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A Functional Medicine Approach to Prediabetes

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A Functional Medicine Approach to Prediabetes

Approximately 98 million American adults have prediabetes, but more than 80% don't know they have it. Prediabetes is a precursor to type 2 diabetes and puts individuals at an increased risk of heart disease, stroke, and cognitive decline. The good news is that modifiable factors largely influence prediabetes, so early identification and intervention significantly improve the chances of reversing this disease. This article will discuss a functional medicine approach to diabetes.


What Is Prediabetes?

Prediabetes is a metabolic condition characterized by elevated blood glucose levels that are higher than normal but not yet at the threshold for a diabetes diagnosis. It serves as a crucial warning sign, indicating an increased risk of developing type 2 diabetes and cardiovascular diseases. This intermediary stage allows for proactive intervention to prevent or delay the progression to full-blown type 2 diabetes.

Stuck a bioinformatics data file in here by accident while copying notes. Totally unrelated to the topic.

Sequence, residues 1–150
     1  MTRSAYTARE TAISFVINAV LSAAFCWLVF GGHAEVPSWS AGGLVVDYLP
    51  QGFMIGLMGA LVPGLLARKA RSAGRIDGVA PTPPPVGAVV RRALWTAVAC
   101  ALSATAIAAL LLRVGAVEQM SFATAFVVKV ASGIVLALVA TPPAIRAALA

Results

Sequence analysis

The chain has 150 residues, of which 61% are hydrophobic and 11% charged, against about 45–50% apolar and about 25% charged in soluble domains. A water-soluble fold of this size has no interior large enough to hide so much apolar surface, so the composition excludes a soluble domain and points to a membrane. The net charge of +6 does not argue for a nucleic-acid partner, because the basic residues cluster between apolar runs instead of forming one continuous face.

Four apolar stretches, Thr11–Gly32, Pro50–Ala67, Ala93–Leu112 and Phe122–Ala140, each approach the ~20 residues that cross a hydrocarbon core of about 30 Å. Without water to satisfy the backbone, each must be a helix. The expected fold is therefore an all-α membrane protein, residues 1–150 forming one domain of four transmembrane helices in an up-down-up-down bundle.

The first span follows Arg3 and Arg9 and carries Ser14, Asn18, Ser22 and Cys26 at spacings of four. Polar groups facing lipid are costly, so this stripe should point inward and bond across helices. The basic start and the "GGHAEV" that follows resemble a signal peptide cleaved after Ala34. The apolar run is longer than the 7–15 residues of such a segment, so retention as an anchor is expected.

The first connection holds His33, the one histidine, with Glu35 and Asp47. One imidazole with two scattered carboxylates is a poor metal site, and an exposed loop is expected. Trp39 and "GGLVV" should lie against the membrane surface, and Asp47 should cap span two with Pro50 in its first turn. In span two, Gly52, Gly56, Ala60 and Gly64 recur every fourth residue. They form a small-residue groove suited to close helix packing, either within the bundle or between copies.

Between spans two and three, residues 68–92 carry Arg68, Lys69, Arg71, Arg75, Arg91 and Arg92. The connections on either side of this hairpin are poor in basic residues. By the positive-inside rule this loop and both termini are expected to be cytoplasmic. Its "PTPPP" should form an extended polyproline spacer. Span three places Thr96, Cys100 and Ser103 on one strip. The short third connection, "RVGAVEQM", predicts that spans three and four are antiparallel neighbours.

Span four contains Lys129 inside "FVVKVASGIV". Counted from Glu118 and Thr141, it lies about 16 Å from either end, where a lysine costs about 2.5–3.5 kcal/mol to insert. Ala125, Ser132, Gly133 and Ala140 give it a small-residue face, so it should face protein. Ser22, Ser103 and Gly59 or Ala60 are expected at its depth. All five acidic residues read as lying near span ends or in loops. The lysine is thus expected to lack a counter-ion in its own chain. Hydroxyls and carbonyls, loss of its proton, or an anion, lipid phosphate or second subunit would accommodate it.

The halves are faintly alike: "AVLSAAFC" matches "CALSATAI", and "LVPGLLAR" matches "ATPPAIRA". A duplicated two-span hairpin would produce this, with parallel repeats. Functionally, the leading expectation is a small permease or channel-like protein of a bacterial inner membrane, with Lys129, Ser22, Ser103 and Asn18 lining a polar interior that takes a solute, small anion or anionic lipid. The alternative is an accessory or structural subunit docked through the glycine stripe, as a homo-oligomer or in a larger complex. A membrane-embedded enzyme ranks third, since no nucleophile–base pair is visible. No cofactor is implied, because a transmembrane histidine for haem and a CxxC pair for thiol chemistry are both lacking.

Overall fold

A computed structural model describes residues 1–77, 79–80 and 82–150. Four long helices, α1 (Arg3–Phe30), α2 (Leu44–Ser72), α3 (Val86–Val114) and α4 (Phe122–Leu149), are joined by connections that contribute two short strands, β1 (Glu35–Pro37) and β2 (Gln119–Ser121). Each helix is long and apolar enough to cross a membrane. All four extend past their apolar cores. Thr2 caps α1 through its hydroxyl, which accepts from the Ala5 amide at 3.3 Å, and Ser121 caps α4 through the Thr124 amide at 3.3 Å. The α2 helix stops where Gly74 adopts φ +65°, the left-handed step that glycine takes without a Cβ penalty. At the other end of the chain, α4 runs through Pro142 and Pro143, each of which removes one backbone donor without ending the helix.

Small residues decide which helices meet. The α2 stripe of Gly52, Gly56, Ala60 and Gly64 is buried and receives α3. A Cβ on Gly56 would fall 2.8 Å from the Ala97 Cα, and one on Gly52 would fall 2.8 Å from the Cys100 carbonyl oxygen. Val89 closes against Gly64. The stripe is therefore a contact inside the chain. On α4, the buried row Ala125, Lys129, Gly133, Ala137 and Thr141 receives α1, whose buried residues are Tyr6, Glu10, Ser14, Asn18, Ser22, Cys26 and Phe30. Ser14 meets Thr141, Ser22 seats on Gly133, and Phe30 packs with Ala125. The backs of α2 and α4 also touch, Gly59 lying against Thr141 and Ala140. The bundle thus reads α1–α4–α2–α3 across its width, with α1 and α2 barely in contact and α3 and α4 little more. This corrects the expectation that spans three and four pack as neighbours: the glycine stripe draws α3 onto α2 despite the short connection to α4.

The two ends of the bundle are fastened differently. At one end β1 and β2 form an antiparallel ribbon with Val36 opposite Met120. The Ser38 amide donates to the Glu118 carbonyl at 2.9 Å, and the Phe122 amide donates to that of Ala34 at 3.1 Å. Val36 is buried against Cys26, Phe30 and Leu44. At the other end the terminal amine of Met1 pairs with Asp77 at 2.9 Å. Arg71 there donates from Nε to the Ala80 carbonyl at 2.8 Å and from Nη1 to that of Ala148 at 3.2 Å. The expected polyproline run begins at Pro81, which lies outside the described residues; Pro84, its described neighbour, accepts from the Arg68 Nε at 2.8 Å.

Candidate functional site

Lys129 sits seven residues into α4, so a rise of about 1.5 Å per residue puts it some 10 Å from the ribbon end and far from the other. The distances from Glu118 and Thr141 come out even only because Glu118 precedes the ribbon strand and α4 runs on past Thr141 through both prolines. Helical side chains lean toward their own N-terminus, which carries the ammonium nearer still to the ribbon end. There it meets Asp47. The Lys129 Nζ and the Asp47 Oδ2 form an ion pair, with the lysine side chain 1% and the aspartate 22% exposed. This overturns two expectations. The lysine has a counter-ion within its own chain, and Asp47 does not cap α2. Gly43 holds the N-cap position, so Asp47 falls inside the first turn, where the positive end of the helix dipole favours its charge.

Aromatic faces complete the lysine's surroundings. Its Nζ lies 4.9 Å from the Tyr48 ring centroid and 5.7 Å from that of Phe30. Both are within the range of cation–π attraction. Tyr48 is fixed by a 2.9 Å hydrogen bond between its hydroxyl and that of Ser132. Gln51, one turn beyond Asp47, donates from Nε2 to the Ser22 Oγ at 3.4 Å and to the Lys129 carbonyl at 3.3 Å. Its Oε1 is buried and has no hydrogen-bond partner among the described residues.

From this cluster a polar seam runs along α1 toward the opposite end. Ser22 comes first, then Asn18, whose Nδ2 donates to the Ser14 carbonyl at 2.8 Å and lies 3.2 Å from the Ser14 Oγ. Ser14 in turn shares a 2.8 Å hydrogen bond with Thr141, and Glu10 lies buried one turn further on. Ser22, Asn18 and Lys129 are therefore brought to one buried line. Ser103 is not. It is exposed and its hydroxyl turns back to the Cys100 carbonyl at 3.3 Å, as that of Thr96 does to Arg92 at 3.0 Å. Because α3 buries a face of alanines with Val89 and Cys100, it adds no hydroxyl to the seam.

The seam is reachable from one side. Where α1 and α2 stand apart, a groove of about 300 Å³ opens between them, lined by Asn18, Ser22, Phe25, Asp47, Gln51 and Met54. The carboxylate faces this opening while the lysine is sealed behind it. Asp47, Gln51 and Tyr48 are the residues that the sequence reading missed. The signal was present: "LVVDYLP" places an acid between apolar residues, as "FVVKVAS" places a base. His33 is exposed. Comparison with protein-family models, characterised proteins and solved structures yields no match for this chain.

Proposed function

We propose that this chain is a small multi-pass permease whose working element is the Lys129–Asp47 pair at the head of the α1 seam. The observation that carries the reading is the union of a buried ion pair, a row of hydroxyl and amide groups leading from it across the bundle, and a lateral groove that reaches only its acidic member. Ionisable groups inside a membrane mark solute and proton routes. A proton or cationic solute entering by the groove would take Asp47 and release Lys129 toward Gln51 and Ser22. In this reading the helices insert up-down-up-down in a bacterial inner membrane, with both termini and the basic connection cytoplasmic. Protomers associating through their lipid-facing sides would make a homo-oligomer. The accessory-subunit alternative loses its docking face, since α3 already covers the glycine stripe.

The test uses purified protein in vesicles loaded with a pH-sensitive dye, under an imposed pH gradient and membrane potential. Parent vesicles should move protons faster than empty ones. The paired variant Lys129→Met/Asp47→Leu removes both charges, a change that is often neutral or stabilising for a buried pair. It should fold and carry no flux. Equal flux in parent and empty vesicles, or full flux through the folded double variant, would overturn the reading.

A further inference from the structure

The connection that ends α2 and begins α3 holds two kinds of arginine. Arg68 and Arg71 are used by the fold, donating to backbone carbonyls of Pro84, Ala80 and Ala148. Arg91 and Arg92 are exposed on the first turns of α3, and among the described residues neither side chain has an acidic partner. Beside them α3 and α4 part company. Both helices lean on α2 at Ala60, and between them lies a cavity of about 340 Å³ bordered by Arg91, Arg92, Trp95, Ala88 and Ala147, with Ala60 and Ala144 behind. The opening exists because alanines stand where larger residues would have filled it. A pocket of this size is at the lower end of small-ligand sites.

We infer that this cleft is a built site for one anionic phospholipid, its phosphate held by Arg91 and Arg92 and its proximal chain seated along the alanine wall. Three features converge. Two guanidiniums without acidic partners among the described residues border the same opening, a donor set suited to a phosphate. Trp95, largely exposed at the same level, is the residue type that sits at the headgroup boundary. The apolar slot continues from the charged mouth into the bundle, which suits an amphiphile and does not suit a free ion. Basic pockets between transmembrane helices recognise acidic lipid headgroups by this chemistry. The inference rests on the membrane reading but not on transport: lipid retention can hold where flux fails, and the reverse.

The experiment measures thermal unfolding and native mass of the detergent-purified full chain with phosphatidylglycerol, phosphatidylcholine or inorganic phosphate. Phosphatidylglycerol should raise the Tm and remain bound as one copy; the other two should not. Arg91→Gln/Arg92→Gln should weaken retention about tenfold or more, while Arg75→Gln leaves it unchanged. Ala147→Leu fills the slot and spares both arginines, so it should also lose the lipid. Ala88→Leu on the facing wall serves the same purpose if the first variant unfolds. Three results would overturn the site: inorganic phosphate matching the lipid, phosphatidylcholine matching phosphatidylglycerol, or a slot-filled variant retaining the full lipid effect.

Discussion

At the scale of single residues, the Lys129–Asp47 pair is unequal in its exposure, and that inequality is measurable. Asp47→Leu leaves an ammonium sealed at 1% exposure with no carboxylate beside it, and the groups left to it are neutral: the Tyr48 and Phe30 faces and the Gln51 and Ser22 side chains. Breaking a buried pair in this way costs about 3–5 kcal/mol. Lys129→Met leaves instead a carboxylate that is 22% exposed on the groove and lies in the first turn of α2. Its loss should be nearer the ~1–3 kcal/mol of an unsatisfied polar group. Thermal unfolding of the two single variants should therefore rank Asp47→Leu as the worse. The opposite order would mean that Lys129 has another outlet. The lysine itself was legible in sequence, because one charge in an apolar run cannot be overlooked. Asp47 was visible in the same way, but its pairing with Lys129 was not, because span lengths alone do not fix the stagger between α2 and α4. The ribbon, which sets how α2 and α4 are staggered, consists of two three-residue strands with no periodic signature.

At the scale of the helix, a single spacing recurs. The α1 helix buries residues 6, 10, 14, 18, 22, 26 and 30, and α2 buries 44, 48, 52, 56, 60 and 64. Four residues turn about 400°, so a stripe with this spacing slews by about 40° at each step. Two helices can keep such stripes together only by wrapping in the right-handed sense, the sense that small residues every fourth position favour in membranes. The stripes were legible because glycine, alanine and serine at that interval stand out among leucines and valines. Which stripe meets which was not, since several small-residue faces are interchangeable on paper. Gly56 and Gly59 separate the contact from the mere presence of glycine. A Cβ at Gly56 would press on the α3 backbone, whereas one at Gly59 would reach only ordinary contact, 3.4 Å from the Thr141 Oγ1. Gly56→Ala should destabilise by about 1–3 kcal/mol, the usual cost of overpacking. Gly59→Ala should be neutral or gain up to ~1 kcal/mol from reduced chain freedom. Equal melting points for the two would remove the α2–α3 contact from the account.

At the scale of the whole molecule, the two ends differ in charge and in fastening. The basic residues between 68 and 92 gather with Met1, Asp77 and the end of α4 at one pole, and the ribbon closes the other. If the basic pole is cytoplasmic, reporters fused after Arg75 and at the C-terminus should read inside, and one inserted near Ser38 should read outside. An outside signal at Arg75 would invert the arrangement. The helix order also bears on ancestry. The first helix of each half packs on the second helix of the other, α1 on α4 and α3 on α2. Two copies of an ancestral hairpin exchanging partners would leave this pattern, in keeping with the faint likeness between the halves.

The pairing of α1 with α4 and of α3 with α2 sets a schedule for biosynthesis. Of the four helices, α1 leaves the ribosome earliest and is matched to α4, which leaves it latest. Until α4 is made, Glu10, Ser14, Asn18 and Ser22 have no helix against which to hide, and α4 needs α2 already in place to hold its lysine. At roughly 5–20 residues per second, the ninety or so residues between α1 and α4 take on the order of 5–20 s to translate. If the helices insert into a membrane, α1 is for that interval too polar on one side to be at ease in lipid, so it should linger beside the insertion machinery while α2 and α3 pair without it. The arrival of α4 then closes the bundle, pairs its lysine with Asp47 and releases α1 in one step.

In prediabetes, the body's insulin sensitivity is compromised, meaning that cells do not respond efficiently to insulin, leading to inadequate glucose uptake. Contributing factors to prediabetes include genetic predisposition, sedentary lifestyle, unhealthy dietary patterns, and excess body weight, particularly around the abdomen. 

Prediabetes is diagnosed through various laboratory tests that assess blood glucose levels. The commonly utilized criteria include measurements of fasting plasma glucose (FPG), oral glucose tolerance test (OGTT), and hemoglobin A1c (HbA1c) levels. According to the American Diabetes Association (ADA), the diagnostic thresholds for prediabetes are defined as follows:

  1. FPG: A fasting blood glucose level between 100 and 125 mg/dL indicates impaired fasting glucose (IFG). Fasting is defined as no caloric intake for at least 8 hours.